Courts have found torture; cruel, inhuman, or degrading treatment; genocide; war crimes; crimes against humanity; summary execution; prolonged arbitrary detention; and forced disappearance to be actionable under the ATS»
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Riducendo in modo draconiano il problema è questo: può una corte distrettuale americana avere competenza nel giudicare un supposto crimine contro l’umanità accaduto all’estero e di cui sia imputato uno straniero?
La posizione dei giudici liberal era chiara: sicuramente sì. Le corti distrettuali americane avevano la potestà giuridica di far ciò, anche nella accezione liberal del termine, ossia di riferite violazioni a ciò che l’ideologia libera identifica come ‘crimini contro la umanità‘ e come ‘diritti fondamentali‘.
La posizione dei giudici conservatori è stata del tutto opposta.
«The Supreme Court ruled on Tuesday that a foreign corporation cannot be sued in U.S. courts for terrorist attacks and other human rights violations abroad»
«The ATS was intended to promote harmony in international relations by ensuring foreign plaintiffs a remedy for international-law violations in circumstances where the absence of such a remedy might provoke foreign nations to hold the United States accountable …. But here, and in similar cases, the opposite is occurring»
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A nostro sommesso avviso, questa sentenza rende onore al buon senso prima ancora che alla giurisprudenza americana.
→ The Hill. 2018-04-24. Supreme Court rules foreign company can’t be sued for terror attack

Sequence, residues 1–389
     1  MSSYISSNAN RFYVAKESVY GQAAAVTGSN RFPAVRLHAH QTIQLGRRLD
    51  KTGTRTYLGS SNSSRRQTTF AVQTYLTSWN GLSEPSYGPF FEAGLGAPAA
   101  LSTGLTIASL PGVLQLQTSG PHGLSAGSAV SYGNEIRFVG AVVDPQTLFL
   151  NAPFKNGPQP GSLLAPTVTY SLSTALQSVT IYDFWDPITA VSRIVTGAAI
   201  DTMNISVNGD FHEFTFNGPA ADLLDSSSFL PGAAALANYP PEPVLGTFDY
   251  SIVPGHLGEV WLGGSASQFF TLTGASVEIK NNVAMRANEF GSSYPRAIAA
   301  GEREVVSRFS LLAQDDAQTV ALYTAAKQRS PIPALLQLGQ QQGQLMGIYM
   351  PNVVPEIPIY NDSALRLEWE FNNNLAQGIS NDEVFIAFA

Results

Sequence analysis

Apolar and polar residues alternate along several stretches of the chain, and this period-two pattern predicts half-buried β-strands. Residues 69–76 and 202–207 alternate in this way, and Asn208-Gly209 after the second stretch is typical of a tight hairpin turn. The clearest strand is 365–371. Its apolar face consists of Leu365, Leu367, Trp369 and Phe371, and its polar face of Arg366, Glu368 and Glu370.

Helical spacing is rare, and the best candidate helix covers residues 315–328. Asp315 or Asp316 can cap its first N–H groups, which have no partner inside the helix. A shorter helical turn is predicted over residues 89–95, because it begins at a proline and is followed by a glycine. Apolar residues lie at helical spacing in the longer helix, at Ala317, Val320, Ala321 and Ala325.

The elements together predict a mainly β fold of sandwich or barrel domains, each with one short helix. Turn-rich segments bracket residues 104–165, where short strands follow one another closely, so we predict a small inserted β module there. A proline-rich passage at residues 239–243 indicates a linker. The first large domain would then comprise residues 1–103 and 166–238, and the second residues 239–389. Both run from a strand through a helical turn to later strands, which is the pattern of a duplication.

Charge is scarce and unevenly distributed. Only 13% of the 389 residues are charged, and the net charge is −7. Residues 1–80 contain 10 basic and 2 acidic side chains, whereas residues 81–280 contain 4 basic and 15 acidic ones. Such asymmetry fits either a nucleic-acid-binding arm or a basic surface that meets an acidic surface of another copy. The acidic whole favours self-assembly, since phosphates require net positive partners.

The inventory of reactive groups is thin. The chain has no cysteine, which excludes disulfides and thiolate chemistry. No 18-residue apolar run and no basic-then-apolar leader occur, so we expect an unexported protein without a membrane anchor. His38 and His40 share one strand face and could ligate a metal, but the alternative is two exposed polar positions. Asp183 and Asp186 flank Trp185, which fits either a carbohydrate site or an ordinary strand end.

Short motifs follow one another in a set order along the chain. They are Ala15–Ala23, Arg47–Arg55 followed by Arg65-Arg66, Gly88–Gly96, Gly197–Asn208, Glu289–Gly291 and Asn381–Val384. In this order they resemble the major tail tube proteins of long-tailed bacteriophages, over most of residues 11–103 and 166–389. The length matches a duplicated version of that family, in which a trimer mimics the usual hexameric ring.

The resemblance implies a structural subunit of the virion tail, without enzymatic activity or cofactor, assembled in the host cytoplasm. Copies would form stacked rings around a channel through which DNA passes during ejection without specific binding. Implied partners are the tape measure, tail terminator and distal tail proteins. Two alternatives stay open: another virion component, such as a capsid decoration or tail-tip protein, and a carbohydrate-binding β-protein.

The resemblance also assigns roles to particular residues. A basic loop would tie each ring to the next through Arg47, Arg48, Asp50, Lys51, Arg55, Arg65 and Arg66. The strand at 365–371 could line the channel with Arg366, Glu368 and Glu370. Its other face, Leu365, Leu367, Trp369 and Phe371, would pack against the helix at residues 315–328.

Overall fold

The Supreme Court ruled on Tuesday that a foreign corporation cannot be sued in U.S. courts for terrorist attacks and other human rights violations abroad.
The court in a 5-4 decision affirmed a lower court ruling that dismissed a lawsuit that 6,000 victims of a terrorist attack tried to bring against Arab Bank, PLC under the Alien Tort Statute (ATS) for allegedly financing terrorist attacks in the Middle East.
The victims claimed the Jordanian bank used its New York branch to clear dollar-denominated transactions that benefitted terrorists through the Clearing House Interbank Payments System and to launder money for a Texas-based charity allegedly affiliated with Hamas, a Palestinian militant Islamist group.
In delivering the court’s opinion, Justice Anthony Kennedy on Tuesday called the connection between the terrorist attacks at issue in this case and the alleged conduct in the U.S. relatively minor and said that most of the petitioner’s allegations involve conduct that occurred in the Middle East.
“The ATS was intended to promote harmony in international relations by ensuring foreign plaintiffs a remedy for international-law violations in circumstances where the absence of such a remedy might provoke foreign nations to hold the United States accountable,” Kennedy wrote.
“But here, and in similar cases, the opposite is occurring.”
Chief Justice John Roberts and Justices Clarence Thomas, Samuel Alito and Neil Gorsuch joined Kennedy in the majority.
Justice Sonia Sotomayor dissented from the court’s ruling in an opinion Justices Ruth Bader Ginsburg, Stephen Breyer and Elena Kagan joined.
Sotomayor said the court’s ruling absolves corporations from responsibility under the ATS for “conscience-shocking behavior.”